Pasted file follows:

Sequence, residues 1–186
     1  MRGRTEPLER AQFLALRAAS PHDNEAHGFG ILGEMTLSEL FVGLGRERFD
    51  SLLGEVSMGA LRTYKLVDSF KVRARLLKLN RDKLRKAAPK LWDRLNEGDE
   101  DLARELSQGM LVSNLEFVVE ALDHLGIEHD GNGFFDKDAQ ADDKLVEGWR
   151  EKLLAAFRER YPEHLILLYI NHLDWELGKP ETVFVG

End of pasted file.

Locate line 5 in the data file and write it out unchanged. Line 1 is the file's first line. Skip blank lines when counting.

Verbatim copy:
   151  EKLLAAFRER YPEHLILLYI NHLDWELGKP ETVFVG